My youngest daughter is such a sweetheart. All of my girls are, and I really am proud of all of them, but I don’t talk about my little six-year-old Anna enough.
She’s a charmed soul. She has wit, humor, intelligence, beauty, kindness, and a natural empathy. She’s a people pleaser and a caretaker. She makes me smile more often than not, and is so sensitive and sweet that it’s very touching. She’s hardworking and helps with chores without having to be asked. She’s always thinking of others. I admire her, and I think I would admire her even if she weren’t my child. Of course I’m biased and I recognize that.
I wish I could take credit for raising her so well, but I think she’s turned out well in spite of me. 🙂
She’s in first grade, which is her first exposure to having to be in school all day. She loves it. She does her homework, she works hard, and she gets up bright and early to get herself ready. She even helps get her big sister Gracie ready since they ride the bus together this year.
She’s been having a little trouble with her speech, though. We were told to wait until her front grown-up teeth came in and they have, but she still has the speech issues so I requested an evaluation to help her out with some therapy. During her parent-teacher conference it came up that her reading and writing aren’t quite where they should be although she’s doing a great job in both. We thought that it was connected to her speech patterns since she has to spend more time deciphering words and how she thought they would be spelled based on how she’s been pronouncing them.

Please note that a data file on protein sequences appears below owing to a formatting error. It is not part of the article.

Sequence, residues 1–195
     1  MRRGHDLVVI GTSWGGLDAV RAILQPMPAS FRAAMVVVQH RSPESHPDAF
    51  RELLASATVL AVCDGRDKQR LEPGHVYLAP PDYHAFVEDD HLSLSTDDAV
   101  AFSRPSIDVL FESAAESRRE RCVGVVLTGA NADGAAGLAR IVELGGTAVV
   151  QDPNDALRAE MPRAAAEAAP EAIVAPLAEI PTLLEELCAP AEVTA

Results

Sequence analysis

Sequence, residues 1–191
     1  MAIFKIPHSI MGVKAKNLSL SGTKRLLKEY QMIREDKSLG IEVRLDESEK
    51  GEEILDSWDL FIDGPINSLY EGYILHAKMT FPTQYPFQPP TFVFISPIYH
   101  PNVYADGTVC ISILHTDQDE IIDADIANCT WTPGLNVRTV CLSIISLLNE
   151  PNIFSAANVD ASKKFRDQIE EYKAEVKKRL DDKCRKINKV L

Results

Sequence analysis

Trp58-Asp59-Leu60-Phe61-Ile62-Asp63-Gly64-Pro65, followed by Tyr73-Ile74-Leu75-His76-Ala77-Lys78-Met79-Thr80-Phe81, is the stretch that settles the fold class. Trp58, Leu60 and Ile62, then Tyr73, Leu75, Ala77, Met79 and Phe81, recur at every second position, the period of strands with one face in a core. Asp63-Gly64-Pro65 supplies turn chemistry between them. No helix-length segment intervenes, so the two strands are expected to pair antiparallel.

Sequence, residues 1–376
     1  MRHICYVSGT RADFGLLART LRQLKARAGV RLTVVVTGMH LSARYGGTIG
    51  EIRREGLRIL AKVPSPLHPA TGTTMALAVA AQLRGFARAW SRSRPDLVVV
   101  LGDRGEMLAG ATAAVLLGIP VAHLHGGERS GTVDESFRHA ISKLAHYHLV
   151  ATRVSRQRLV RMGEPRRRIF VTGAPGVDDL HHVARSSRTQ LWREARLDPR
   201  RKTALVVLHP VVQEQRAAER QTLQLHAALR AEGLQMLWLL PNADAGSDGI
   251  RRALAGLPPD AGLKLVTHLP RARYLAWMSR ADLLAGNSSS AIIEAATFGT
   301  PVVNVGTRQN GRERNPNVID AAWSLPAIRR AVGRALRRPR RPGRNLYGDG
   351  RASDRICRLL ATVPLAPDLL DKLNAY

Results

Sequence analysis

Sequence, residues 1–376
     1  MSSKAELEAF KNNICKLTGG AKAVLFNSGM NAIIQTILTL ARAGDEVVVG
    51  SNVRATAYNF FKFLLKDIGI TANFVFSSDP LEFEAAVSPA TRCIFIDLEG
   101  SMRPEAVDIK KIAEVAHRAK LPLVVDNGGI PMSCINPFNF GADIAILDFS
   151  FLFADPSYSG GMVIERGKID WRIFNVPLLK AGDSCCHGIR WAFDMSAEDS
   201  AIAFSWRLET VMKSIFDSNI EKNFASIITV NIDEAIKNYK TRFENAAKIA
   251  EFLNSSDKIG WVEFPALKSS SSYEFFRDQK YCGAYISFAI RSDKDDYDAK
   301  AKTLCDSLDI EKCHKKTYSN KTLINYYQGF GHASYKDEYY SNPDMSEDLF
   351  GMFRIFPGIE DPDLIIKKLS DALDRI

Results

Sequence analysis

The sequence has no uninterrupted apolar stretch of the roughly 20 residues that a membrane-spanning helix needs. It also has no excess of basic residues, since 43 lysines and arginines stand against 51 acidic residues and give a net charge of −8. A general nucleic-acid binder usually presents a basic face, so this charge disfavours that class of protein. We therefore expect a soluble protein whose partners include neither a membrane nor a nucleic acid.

Several days ago she told me that she realized her eyes were seeing things fuzzy. It struck her because when she’s sick, things are fuzzier but that things are always fuzzy… especially words and letters. She has trouble seeing the board at school and doesn’t participate as much as she should, and this could a huge piece of the puzzle. We’re getting her eyes tested during the holiday break next week and she’s really excited about the prospect of getting glasses so that she can see clearly. She keeps asking when her eye exam is because she wants to see clearly NOW and wear glasses to school NOW. I’m hopeful that this help her a lot.
And it brings up something else too. Every year when the girls get their annual physicals the pediatrician does a basic eye test with the chart where the kids stand so many feet away. If they’re too young to read letters then they read symbols instead. There’s always a margin for error where the nurse says the kids are still within normal range and not to worry about getting their eyes tested by an Ophthalmologist.
I call bullshit. It’s always bothered me because I keep track of how many my girls get wrong during that basic eye test and they always get more wrong than I’m comfortable with. The pediatrician and nurse always both say, “It’s fine, it’s within normal. They saw the hardest lines and symbols, and they saw the majority.”
Listen. If you have any doubt then get the kids tested by an Ophthalmologist. And once you do, get them tested annually. Especially if a need for corrective lenses runs in the family and on top of it either you or your child’s other biological parent (or both of you) wear glasses. Don’t wait for the pediatrician to say, “It’s time to get their eyes tested.” Just do it. I’m likely going to get Juliana and Gracie’s eyes tested after the New Year when things settle down. Anna is simply more urgent with her eyes right now, especially since she’s also complaining of eye aches and headaches that I think may be related to eye strain.